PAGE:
More people are being arrested for drink-driving on the morning after a drinking session – despite an overall fall in the numbers caught while over the legal limit, new figures show.
Based on data from 22 of Britain’s 45 police forces and published by car insurance firm LV=, the figures show that there were 4% more “morning-after” arrests made last year than during 2011.
Bucking the trend
The rise in the number of arrests made between 6am and 8am bucked a trend which saw the total number of drink-drive offences drop by 4% in 2012.
But it has prompted a call for motorists to ensure they plan ahead when organising their Christmas nights out this year.
Meanwhile, a survey of 1,688 drivers conducted by LV=, found that over the last two years 3% had driven while over the legal limit the morning after a drink.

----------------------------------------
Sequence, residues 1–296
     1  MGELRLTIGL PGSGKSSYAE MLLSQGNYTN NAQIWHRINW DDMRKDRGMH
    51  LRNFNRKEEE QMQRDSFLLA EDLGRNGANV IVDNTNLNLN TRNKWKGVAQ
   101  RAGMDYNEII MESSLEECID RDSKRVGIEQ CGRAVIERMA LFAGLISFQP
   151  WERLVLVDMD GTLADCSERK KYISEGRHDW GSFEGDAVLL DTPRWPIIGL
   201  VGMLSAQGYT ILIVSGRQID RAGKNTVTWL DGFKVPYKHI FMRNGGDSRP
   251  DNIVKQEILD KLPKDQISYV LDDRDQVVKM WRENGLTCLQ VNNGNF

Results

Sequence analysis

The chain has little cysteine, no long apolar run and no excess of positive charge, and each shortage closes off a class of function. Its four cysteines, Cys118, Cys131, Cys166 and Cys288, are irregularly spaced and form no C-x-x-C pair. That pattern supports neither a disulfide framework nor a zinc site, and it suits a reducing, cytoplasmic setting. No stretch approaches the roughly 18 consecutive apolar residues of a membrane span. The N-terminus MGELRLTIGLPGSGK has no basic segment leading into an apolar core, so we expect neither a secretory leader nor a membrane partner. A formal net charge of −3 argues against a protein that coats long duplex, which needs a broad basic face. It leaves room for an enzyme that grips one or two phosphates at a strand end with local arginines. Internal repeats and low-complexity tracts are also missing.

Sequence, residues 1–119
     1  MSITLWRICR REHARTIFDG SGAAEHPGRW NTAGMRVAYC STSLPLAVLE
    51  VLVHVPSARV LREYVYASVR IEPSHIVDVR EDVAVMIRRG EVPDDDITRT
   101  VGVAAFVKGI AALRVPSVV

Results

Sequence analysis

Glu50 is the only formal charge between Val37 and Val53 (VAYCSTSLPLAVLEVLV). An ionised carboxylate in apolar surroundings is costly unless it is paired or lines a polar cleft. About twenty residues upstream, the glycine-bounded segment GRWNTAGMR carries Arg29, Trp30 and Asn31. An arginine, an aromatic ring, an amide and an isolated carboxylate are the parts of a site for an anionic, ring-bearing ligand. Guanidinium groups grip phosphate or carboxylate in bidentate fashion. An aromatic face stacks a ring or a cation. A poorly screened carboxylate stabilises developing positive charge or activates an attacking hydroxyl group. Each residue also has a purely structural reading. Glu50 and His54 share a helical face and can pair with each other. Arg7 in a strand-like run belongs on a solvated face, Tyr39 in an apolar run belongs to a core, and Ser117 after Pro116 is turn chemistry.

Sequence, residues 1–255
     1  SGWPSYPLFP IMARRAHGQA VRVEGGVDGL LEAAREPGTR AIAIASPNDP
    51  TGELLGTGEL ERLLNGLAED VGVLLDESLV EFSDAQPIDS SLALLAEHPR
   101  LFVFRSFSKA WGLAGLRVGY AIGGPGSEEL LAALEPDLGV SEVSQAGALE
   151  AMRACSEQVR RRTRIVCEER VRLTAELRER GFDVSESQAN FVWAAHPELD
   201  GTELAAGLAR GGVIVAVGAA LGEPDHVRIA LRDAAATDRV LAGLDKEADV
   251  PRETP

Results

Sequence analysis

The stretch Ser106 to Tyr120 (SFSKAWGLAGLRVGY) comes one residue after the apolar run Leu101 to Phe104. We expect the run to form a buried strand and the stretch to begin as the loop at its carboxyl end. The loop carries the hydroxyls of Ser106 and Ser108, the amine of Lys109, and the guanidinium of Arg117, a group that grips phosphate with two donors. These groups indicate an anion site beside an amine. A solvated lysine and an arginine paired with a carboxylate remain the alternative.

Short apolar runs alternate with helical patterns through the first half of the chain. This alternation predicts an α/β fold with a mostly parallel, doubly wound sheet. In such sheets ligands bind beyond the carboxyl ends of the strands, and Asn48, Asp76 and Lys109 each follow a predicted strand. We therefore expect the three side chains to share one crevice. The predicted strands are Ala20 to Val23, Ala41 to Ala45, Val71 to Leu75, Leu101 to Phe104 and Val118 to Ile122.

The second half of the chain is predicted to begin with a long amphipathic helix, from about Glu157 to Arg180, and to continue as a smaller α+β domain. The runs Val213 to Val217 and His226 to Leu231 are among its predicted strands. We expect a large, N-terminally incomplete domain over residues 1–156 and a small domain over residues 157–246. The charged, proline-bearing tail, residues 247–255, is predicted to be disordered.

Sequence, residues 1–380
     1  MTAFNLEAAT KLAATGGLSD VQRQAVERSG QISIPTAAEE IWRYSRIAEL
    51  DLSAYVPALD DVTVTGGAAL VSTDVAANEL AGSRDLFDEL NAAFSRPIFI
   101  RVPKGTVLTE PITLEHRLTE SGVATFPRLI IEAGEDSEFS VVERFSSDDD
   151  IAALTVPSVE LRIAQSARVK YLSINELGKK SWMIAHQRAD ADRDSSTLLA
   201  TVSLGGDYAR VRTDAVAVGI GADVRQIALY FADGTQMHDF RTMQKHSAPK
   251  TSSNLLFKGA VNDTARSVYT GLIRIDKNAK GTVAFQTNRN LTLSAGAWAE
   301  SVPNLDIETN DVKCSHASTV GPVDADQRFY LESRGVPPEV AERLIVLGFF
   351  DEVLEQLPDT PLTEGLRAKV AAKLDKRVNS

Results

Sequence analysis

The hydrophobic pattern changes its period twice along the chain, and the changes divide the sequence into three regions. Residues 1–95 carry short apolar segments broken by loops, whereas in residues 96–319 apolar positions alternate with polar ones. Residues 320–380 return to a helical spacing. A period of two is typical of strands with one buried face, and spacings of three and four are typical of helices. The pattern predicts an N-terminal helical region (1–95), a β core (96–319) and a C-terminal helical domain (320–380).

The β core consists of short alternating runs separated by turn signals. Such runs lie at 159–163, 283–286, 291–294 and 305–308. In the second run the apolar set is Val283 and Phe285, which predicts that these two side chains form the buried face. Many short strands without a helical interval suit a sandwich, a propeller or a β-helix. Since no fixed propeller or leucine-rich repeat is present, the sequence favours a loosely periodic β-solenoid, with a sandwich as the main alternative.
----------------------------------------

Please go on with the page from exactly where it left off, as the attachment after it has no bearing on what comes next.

Of these more than a third (37%) claimed driving had been unavoidable. Around a quarter (26%) excused themselves by saying they had only been travelling a short distance, while 19% thought they were in a fit state to drive.
‘You may not be fit to drive’
Perhaps even more worryingly 7% said they thought it was okay to drive as they had not done so on a motorway – with 13% believing they were only slightly over the limit so it did not matter.
Driving over the legal alcohol limit severely raises the risk of road traffic accidents, which can claim lives or leave people seriously injured and needing to make personal injury compensation claims.
John O’Roarke, managing director of LV=, said: “It’s easy to assume that after a good night’s sleep you will be sober enough to drive the next day but, depending on how many units you’ve had, you may not be fit to drive.
“The key to enjoying the festive season is to plan ahead and don’t drive if you are not within the legal alcohol limits.”
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